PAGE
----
The so-called “fountain of the horns” is located on the right-hand side of the road to Rozalén del Monte, opposite “El Pradillo” park. It has two spouts, probably the reason why it is known as the fountain “of the horns”.
The basin dates from 1882, as the inscription on the front of it states. The wall was restored in 2007 and is what remains today of the water pipe that followed the road up to the Carmelite convent.
“El Pradillo” park forms part of the main woodland area belonging to the town. An efficient network of pipes carries the excess water from the “fountain of the five spouts” to the river, following the irrigation channel through “the walkway” to the park, where it spills into the River Bedija.
This section of the Bedija is known as “the orchard way” in memory of the orchards and vegetable gardens that once lined both banks of the river. The water was retained here and the irrigators followed a strict rota of days and times to ensure that everyone had access to the precious commodity. The largest orchard was owned by Don Fernando; the water from the nearby mill entered via the east side of the land, which lay parallel to the river, and irrigated the crops and trees. The orchard was very well tended and had a house, gardens and walkways.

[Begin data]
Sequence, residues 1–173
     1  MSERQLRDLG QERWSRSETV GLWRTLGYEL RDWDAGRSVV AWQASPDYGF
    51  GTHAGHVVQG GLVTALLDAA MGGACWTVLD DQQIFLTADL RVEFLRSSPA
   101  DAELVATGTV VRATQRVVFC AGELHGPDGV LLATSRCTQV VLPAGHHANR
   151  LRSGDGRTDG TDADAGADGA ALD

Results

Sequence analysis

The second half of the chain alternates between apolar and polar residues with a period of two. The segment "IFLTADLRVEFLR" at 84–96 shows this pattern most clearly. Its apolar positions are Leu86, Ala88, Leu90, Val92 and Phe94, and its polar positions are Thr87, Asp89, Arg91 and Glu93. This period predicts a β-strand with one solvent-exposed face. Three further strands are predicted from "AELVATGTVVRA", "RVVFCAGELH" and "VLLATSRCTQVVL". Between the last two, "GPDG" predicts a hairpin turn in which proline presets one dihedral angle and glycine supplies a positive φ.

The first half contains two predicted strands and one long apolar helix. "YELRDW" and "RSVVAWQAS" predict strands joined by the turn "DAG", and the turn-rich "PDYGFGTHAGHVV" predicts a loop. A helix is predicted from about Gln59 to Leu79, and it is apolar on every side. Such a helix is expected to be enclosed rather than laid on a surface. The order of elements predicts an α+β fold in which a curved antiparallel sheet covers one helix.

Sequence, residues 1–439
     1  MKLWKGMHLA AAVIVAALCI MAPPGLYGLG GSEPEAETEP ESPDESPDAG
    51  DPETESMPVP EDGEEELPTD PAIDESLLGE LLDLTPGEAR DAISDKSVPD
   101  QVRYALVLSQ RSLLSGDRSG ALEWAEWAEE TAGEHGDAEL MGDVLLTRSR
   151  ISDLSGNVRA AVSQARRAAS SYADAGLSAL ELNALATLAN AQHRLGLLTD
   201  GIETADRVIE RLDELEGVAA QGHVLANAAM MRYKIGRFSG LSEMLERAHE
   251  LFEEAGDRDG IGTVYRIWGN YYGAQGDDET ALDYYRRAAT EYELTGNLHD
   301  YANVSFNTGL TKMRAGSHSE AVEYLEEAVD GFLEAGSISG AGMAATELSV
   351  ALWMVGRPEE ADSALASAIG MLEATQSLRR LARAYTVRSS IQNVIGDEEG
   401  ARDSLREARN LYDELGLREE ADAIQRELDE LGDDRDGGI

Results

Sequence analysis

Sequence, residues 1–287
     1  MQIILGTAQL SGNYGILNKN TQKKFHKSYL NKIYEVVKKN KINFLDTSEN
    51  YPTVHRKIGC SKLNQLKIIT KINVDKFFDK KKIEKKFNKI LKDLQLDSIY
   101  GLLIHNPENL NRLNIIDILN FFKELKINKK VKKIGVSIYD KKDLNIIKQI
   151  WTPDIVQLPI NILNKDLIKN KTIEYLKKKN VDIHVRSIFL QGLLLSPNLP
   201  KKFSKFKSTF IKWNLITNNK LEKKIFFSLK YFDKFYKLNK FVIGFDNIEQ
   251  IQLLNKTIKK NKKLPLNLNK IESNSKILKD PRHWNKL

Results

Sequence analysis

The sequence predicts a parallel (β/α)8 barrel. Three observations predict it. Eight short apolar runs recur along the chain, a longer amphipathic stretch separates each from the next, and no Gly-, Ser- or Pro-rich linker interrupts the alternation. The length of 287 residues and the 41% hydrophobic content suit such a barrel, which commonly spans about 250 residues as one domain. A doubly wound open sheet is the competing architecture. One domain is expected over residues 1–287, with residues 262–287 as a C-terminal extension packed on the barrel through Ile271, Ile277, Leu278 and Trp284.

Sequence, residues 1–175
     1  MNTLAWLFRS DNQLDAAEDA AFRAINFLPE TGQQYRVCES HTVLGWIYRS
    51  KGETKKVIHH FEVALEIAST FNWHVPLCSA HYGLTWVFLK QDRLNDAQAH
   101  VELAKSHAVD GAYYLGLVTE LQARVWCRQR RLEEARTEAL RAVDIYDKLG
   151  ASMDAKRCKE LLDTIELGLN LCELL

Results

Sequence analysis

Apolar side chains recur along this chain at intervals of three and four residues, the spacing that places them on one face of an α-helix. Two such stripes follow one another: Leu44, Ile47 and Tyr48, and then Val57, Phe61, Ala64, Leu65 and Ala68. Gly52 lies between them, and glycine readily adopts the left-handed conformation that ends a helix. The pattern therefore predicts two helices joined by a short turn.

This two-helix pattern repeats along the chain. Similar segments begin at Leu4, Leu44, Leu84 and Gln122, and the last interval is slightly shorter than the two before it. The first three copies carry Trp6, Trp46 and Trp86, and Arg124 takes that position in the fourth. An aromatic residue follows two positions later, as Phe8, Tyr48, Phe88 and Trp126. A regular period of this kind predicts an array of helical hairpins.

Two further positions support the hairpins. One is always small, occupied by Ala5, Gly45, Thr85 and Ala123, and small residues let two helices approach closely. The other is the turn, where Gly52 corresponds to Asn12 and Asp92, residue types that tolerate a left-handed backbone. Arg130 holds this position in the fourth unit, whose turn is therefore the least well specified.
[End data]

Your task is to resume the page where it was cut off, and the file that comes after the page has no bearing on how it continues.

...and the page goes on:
A few metres higher up, on the same side of the road, you will find two large holes in the rock, the result of karst erosion, which are popularly known as “the holes of the Enchanted Moor”. The smaller one is associated with a woman and the larger one with a man. According to legend, an enchanted Moorish woman lived here and once a year, on midsummer night, she would come out and comb her hair on the banks of the River Bedija.
Just over one kilometre from the town is the Fuente Redonda spring.